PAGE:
I tried to build a golem. I was in fifth grade and I had read way too much Dungeons & Dragons and heard the Judah Lowe story. My sister and I were bored and we had some modeling clay. The confluence of all these factors made me think, “You know, this probably won’t work, but how awesome would it be if it did?”
I use the term golem, of course, as a stand-in for any kind of fantasy automaton. The word literally means “clump of earth” in Hebrew, and classically the golem is a man made from clay and animated through the inscription of the term emet (“life”) on his forehead. Traditional stories revolve around the golem as either a protector of the Jews (like Lowe’s guardian) or a warning against lightly taking up powers rightly reserved only for God (rabbi animates golem, golem goes crazy, rabbi has to scratch a letter off the golem’s forehead so it says met [“dead”] and deanimates). In modern interpretations (as China Mieville pointed out in an interview) the golem concept has expanded to include everything from Frankensteinian monsters to steam-powered robots. Anything that can’t justifiably be called a replicant, a cyborg, or a droid gets lumped under the category “golem.”
Kabbalistically, of course (the real kind, not the Madonna kind), the fact that a golem is made from clay is important. In the Bible, God forms Adam from earth, so the creation of a golem is a mortal attempt to attain Godly nature. Jewish folklore provided for different types of created life: one story has the philosopher Maimonides creating a homunculus from the body parts of an apprentice. But these weren’t golems. I think Mieville is quite right when he states that we owe the concept of golems made from different materials to none other than Dungeons & Dragons.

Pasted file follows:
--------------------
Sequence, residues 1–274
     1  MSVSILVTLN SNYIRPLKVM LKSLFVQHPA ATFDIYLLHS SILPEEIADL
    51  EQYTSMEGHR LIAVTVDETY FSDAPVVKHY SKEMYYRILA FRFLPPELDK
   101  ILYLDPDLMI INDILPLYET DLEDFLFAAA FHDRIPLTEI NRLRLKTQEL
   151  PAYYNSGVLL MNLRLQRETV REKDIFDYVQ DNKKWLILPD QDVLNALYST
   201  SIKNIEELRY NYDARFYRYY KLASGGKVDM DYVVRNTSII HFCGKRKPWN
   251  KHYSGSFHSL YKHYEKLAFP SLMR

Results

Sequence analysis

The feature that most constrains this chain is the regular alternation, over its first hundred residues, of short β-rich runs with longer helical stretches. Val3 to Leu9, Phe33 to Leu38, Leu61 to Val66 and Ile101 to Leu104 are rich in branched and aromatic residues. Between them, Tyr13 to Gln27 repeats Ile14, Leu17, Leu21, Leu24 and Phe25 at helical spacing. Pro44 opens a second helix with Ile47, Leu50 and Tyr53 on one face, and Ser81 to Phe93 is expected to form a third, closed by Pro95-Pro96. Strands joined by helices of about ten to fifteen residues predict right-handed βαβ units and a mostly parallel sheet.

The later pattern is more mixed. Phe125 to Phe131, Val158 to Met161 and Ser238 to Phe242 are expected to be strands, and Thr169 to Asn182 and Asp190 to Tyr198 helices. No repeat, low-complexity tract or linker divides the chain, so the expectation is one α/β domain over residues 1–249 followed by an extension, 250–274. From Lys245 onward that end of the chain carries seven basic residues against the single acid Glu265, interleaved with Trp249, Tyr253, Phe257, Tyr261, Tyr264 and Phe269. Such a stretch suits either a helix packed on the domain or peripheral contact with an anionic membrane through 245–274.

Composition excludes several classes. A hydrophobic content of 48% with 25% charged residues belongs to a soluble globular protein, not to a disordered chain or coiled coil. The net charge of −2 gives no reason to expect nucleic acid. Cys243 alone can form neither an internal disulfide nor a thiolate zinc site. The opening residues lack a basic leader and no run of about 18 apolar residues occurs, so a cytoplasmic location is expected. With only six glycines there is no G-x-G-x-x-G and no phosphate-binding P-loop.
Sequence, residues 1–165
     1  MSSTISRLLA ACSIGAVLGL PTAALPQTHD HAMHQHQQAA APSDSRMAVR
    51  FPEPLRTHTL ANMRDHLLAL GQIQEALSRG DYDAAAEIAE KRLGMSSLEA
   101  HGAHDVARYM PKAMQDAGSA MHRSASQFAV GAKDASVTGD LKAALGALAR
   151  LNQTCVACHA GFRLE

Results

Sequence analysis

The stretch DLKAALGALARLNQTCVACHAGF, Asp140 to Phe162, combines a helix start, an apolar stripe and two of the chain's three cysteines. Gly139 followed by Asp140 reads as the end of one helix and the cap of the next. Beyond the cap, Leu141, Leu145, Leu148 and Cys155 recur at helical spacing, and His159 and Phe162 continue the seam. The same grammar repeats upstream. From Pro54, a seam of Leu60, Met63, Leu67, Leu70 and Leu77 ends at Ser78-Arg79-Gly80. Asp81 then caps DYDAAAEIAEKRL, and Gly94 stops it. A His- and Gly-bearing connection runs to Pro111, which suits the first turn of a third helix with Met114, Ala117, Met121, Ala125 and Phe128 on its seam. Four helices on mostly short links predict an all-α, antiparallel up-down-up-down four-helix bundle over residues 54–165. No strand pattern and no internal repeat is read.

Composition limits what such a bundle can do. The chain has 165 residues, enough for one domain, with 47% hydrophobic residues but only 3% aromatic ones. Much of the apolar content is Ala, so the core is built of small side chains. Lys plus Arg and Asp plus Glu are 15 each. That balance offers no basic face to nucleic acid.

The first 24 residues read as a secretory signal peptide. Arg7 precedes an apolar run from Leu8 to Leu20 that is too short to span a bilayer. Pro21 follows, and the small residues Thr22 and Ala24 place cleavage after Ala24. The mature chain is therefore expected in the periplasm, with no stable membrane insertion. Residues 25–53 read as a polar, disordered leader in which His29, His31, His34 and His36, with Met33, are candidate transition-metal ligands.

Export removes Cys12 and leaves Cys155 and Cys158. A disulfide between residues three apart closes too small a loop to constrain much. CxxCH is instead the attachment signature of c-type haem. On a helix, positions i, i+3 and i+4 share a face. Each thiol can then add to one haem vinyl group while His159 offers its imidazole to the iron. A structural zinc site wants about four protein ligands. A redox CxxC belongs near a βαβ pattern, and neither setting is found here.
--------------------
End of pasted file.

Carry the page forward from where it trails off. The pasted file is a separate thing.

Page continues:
D&D took the concept of the clay man and expanded it radically. In various sources, the game depicts golems made of flesh, iron, stone, wood, straw, gelatin, blood, dolls, bones, brains, coral, sand, obsidian, salt, maggots, snow, wax, mist, hangman’s nooses, and zombie parts. The golem became a genus of monsters, some unmistakably associated with evil rather than just the powerful but plodding and sometimes uncontrollable creature depicted in the original Jewish stories. This was an intriguing development with wide implications, which I’ll discuss momentarily.
But my sister and I didn’t have hangman’s nooses or obsidian; we had Play-Doh. Reasoning that we should probably start small and work our way up, we made a little humanoid figure about the height of an action figure. If a six-inch Play-Doh homunculus proved a tractable servant, we could then move on to creating bigger and bigger golems with the ultimate aim of crafting something like a Sumerian battle mech. There were some problems, though. I didn’t speak or write any Hebrew aside from a prayer thanking God for bread, which would probably win me divine bonus points, but no golem. Clearly, I had to improvise.